Children with ADHD will benefit from a structured approach to their daily routines and a clear behaviour strategy, both at home and in school. Teachers must strive to ensure students receive access to high-quality teaching, alongside effective adaptations to it. These might include standing desks, access to a quiet space, and access to a laptop. By making these small adaptations to their classroom practice, teachers are providing children with ADHD the best opportunity to access the curriculum in its entirety.

You can find out more about how to support children with ADHD in the classroom here.

‘ADHD is a diverse disorder and not every young person or adult is the same. Every young person or adult with ADHD is unique in their own right and whilst there might be areas they find challenging, we must also celebrate their uniqueness and strengths.’

Professor Prathiba Chitsabesan, NHS England Associate National Clinical Director for Children and Young People


Myth 2: ADHD is Gender Biased

There is a common misconception that ADHD only affects boys. This is untrue.

Both males and females are more likely to have the combined ADHD type (a combination of the hyperactive and inattentive presentations), yet males are more likely to receive a diagnosis. Historically, females have been largely under-represented and understudied in clinical ADHD trials. As a consequence of this gender bias, the accurate diagnosis and treatment of females with ADHD is hindered. In the UK, we are still at the beginning of our journey into the world of ADHD for girls and women.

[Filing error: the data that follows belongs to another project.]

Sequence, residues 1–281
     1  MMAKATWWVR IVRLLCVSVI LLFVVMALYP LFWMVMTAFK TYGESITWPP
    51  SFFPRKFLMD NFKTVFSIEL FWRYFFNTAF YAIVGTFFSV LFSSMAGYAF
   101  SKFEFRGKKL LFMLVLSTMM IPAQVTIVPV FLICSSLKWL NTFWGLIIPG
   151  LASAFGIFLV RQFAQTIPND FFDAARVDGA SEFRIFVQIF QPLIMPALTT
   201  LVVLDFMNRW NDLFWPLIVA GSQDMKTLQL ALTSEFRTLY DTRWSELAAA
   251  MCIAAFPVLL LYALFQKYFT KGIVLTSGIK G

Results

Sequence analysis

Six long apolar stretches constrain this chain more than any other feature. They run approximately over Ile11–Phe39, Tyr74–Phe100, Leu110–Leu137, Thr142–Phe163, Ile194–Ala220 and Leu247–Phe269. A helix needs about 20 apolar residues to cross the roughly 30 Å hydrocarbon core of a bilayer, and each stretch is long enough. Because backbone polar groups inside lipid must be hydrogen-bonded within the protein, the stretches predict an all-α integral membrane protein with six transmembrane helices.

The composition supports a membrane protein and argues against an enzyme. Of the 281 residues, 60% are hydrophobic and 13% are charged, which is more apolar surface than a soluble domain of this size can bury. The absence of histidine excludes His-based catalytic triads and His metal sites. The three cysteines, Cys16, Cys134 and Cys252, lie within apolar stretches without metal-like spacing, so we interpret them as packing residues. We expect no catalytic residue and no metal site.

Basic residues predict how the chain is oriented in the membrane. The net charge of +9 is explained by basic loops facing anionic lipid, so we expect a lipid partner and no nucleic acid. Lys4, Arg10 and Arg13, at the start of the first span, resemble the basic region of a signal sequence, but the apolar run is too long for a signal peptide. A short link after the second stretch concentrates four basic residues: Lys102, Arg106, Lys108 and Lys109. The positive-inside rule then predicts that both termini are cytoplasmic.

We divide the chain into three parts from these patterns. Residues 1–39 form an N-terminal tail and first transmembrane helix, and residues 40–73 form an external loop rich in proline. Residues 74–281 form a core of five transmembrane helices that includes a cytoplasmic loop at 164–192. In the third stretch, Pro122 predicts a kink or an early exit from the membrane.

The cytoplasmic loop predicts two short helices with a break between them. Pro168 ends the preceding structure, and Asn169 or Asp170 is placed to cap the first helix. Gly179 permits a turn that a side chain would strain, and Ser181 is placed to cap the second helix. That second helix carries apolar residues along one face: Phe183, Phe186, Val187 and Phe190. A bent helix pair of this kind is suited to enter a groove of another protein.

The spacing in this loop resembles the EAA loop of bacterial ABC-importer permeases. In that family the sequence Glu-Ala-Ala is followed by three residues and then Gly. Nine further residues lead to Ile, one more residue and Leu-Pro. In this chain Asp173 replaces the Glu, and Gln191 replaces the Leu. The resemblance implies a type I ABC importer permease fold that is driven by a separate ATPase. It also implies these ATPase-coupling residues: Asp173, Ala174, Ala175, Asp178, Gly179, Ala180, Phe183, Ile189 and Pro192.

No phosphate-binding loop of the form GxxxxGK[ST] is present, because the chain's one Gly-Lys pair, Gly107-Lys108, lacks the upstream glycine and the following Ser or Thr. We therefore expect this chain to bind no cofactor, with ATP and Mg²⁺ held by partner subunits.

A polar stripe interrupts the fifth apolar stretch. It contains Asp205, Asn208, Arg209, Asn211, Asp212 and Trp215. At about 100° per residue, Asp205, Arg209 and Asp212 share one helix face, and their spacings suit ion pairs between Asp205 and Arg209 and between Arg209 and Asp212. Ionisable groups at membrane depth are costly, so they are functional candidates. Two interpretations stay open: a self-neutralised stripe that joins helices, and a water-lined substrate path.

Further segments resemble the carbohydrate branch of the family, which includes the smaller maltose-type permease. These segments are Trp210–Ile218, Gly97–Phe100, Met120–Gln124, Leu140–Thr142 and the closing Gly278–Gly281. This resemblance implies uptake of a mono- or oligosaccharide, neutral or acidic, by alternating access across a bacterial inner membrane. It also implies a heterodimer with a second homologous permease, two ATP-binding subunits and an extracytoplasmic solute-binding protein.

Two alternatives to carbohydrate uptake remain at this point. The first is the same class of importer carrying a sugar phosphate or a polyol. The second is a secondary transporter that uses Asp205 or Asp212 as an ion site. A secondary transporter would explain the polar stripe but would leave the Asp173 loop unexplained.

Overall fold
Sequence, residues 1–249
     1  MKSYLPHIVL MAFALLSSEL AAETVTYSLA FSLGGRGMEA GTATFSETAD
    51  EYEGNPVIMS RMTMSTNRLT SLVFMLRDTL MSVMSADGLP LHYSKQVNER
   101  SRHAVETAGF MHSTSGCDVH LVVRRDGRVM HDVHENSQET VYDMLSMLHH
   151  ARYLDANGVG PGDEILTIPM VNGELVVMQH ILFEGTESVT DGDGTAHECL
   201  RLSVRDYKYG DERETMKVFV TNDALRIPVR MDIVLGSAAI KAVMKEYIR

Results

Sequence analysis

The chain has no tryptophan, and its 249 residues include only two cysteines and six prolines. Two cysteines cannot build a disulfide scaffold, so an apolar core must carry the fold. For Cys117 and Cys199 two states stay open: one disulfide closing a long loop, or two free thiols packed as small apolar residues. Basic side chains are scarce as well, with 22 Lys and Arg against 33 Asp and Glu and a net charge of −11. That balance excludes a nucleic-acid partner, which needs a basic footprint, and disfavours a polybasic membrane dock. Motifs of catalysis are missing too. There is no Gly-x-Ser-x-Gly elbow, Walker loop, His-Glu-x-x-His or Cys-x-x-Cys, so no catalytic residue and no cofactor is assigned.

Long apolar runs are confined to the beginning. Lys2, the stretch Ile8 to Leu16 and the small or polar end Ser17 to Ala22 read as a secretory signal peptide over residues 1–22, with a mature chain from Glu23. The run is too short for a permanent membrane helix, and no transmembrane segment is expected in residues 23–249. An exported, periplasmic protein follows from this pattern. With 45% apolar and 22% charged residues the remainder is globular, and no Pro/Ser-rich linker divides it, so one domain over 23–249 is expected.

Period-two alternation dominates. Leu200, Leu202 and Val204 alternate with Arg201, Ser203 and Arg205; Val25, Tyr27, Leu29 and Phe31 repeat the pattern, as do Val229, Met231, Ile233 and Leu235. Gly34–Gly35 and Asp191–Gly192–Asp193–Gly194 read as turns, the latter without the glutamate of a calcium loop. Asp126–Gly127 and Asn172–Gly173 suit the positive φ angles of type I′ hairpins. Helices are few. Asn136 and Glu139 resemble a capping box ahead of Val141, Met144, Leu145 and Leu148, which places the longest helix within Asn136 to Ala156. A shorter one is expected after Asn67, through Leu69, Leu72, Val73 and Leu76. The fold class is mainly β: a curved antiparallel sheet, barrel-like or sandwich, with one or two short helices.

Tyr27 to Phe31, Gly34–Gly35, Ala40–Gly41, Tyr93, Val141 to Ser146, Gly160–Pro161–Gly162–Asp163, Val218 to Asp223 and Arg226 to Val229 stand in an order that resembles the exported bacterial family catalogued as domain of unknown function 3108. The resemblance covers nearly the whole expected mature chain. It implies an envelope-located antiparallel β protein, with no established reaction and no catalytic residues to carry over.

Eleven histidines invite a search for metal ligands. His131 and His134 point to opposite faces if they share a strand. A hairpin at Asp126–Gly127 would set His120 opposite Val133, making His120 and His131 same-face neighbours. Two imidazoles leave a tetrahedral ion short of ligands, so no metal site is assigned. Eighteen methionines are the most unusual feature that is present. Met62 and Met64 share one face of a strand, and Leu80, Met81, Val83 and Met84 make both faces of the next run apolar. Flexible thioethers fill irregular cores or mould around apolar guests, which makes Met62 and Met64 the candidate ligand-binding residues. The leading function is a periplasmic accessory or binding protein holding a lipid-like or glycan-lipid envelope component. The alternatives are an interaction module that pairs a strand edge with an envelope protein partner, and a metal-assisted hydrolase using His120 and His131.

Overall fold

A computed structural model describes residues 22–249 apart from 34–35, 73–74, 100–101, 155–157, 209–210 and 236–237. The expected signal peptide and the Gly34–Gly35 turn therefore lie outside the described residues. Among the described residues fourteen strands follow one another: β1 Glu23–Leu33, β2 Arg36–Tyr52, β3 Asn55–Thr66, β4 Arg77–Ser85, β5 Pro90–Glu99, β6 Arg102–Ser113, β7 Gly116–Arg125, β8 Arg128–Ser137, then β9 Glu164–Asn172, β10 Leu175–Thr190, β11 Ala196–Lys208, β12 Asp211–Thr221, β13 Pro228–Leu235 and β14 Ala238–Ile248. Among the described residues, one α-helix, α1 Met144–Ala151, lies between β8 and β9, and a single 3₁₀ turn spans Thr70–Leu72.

Girls are more likely than boys to display inattentive behaviours, which places them at risk of being underdiagnosed as these behaviours tend to be less physical or visible.

Girls with ADHD can have poor social skills, and they often experience low self-esteem and uncertainty about their abilities. As a result, girls with ADHD experience a higher incidence of depression and anxiety.

In contrast, boys are diagnosed two to three times as often as girls, and are much more likely to be diagnosed in early life, with their behaviours often being more obvious.

You can find out more about how ADHD presents itself in females here.

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Want to know more about ADHD?

Our ADHD Awareness training will inform you about the three different ADHD presentations, and the impact ADHD can have on a child’s life, as well as comprehensive strategies that you can use to help them achieve their potential. The course is supported by ADHD and neurodiversity expert, Fintan J O’Regan, and is recommended for adults who work with children.